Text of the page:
Derrell Peel Believes Cattle Industry Focus on Animal Health Begins at the RanchMon, 18 Nov 2019 10:19:10 CST
Mondays, Dr. Derrell Peel, Oklahoma State University Extension Livestock Marketing Specialist, offers his economic analysis of the beef cattle industry. This analysis is a part of the weekly series known as the "Cow Calf Corner" published electronically by Dr. Peel and Dr. Glenn Selk. Today, Dr. Peel talks about how The Cattle industry focuses on animal health and how it begins at the ranch
The U.S. beef and cattle industry has increased production and productivity in many respects in the past several decades. Total beef production in 2020 is projected at a record 27.3 billion pounds. Cattle carcass weights have increased an average of 5 pounds per year for the past 25 years. Beef production per cow has increased over 100 pounds per cow over the same period.
However, animal health is one area that has actually gotten worse in the past 25 years, with respiratory disease the biggest health problem in the beef industry. Bovine Respiratory Disease (BRD) causes 70-80 percent of feedlot morbidity and 40-50 percent of feedlot mortality. Feedlot survey data from Kansas shows that average feedlot death loss has nearly doubled from 0.82 percent in 1995-1996 to 1.60 percent in the most recent 24 months. Respiratory disease is a significant source of animal morbidity and mortality at the stocker and cow-calf levels as well.
BRD causes the most economic losses at the stocker/backgrounding and feedlot levels but it is increasingly apparent that improvements in animal health must begin at the cow-calf level. There are several reasons for this. It is known that the incidence and virulence of BRD is increased by the stressors involved in cattle production especially weaning, commingling and shipping cattle. While shipping and commingling cattle are unavoidable, there are several things cow-calf producers can do to increase the odds that animals are healthy and stay healthy to perform well in later production stages.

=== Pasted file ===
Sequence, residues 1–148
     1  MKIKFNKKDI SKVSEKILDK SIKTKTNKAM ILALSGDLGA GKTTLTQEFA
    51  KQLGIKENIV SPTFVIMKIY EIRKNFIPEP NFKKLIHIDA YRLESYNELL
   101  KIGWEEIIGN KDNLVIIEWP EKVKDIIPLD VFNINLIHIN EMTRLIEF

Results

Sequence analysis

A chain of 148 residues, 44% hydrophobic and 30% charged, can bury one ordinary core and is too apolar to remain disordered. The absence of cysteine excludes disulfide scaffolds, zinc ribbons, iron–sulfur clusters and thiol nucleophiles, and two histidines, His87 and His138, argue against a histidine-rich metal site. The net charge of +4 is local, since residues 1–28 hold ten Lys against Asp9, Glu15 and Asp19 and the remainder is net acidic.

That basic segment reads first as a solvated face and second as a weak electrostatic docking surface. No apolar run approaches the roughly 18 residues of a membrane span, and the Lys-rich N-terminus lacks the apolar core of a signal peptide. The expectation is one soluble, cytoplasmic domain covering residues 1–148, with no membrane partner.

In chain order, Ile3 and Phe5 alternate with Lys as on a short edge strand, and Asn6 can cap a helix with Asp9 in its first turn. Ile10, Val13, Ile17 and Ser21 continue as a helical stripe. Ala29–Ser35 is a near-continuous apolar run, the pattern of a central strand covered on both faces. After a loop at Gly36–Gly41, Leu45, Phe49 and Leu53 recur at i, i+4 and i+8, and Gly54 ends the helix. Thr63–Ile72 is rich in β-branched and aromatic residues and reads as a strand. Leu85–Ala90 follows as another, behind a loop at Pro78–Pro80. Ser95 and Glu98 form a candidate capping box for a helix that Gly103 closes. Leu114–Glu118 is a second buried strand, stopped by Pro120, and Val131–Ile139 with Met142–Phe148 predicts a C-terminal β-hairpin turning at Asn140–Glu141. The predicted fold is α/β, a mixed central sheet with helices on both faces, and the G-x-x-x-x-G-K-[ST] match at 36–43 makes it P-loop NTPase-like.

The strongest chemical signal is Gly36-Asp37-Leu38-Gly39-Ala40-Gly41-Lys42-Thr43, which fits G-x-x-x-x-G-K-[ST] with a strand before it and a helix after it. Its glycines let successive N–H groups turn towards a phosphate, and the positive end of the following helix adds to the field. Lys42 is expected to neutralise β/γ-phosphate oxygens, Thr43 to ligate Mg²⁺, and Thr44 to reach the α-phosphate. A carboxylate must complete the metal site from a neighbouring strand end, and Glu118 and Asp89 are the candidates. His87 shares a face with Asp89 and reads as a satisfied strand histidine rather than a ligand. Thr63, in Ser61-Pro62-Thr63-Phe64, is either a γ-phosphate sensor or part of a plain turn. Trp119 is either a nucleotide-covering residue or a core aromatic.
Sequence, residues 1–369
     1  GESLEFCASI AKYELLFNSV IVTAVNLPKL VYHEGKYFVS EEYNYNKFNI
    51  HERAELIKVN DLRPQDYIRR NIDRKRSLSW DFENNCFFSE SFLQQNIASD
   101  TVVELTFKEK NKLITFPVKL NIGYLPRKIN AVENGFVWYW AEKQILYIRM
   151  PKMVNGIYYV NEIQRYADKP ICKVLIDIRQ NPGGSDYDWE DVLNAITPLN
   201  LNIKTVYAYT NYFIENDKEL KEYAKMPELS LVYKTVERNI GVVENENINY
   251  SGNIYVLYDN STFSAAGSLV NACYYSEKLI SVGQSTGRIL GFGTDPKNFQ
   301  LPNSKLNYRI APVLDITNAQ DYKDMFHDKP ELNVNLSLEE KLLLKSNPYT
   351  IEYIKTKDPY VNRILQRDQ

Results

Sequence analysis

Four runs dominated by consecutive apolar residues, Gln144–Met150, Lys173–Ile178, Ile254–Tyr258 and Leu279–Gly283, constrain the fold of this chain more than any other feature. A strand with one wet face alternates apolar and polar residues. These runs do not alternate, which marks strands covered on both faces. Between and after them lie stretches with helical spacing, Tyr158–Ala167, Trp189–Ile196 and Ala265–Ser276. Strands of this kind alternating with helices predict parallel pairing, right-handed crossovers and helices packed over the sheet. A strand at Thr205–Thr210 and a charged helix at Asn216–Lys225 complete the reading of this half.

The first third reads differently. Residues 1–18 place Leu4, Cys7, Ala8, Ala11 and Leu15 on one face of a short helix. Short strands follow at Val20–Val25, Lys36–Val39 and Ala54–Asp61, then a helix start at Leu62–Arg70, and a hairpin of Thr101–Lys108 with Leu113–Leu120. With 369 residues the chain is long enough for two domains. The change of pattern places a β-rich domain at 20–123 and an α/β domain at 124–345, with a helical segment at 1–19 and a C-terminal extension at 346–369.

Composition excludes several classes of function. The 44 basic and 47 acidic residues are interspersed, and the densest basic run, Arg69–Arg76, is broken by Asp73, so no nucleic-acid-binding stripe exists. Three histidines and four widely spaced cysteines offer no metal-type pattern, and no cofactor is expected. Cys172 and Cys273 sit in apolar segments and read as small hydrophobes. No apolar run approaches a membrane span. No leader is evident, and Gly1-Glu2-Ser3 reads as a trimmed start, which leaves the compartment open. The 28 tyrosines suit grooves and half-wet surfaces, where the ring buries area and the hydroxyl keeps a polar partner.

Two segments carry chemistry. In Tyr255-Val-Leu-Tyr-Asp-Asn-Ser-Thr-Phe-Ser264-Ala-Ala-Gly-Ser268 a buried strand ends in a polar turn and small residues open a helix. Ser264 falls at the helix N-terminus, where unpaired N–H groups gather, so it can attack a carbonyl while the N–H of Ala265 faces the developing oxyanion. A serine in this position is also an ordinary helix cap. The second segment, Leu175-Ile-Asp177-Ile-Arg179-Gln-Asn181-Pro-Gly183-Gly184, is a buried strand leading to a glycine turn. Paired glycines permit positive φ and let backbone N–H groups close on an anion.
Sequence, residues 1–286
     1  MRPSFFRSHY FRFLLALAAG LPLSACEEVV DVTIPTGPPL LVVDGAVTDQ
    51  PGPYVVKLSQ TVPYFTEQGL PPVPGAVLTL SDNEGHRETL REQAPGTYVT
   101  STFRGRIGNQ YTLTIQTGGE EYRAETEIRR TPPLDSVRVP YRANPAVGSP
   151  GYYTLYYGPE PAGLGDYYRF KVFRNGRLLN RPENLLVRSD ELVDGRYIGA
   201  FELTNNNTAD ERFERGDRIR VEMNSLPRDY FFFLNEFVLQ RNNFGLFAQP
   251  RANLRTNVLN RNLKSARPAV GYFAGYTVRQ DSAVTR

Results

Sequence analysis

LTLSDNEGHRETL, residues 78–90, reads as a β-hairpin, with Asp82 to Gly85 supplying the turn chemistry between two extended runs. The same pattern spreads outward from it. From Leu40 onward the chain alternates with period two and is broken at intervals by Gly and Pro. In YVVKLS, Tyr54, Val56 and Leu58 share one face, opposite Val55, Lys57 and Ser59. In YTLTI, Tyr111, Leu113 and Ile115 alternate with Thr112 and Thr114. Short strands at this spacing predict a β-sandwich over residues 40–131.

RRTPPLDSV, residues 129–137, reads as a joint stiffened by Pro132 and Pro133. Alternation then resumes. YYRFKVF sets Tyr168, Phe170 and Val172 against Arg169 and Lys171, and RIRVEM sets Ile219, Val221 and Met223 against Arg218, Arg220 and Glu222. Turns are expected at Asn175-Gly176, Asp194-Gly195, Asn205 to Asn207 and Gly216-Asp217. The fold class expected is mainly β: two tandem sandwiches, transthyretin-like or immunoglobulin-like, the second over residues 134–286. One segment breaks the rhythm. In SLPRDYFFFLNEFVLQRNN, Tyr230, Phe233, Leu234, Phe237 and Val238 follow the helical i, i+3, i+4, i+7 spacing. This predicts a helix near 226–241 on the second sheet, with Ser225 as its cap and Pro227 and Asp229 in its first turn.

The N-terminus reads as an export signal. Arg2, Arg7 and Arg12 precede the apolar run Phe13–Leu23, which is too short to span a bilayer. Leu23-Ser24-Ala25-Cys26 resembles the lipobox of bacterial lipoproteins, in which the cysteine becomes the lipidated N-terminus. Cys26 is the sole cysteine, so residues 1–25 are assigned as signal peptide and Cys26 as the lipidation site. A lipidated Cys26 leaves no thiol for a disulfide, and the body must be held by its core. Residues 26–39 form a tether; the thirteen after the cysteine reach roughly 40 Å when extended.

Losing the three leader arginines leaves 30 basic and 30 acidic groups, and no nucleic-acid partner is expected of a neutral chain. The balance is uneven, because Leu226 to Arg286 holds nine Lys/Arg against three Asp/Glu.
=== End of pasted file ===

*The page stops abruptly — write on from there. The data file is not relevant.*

Preconditioning programs add value to cattle and the value is consistently reflected in premiums for certified preconditioned calves in sold under programs such as the Oklahoma Quality beef Network (OQBN). Weaning is arguably the most important component of preconditioning and preconditioning protocols routinely call for a minimum of 45 days of weaning prior to marketing calves. Anecdotal indications are that 45 days is becoming a bare minimum with 60 or more days of weaning preferred by buyers struggling with the continuing health challenges of cattle. Calves noted as unweaned are currently discounted four to over five percent in Oklahoma auctions.
Complete vaccinations, including two rounds of respiratory vaccine, are important before cattle are marketed. Cattle arriving at stocker and feedlot operations are already subjected to pathogen exposure and the stress of commingling and shipping which compromise the ability of vaccines to support animal health at that point. Bovine Viral Diarrhea virus (BVDv) is one component of BRD and, though it occurs with low incidence in cow-calf operations, causes significant reproductive and pre-weaning losses when it occurs and is the source of persistently infected (PI) feeder cattle that contribute to BRD impacts in stocker and feedlot operations.
Castration, dehorning and deworming are all important prior to marketing. Research shows that males marketed as bulls are three times more likely to get sick in stocker and feedlot operations and have reduced performance, due to both the stress of castration at heavier weights and also because lack of castration is likely an indicator of inadequate prior calf health management. For this reason, bull calves are currently discounted roughly seven percent at auction.
Lifetime animal health management is increasingly recognized as a significant challenge for the beef cattle industry with implications ranging from fetal programming that impacts lifetime health and productivity; to genetic identification of disease susceptibility; to improved economic incentives for better coordination of animal health management across multiple production sectors. Improved animal health management not only increases ranch returns but increases value to the entire industry.
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